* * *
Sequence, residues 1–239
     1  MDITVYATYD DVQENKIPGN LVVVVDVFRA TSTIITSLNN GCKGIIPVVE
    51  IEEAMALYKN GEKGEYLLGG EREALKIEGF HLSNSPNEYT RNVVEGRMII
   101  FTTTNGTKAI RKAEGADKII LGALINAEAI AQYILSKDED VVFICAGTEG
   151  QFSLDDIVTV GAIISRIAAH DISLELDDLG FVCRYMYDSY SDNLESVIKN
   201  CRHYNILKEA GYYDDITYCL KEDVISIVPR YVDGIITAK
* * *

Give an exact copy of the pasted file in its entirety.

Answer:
Sequence, residues 1–239
     1  MDITVYATYD DVQENKIPGN LVVVVDVFRA TSTIITSLNN GCKGIIPVVE
    51  IEEAMALYKN GEKGEYLLGG EREALKIEGF HLSNSPNEYT RNVVEGRMII
   101  FTTTNGTKAI RKAEGADKII LGALINAEAI AQYILSKDED VVFICAGTEG
   151  QFSLDDIVTV GAIISRIAAH DISLELDDLG FVCRYMYDSY SDNLESVIKN
   201  CRHYNILKEA GYYDDITYCL KEDVISIVPR YVDGIITAK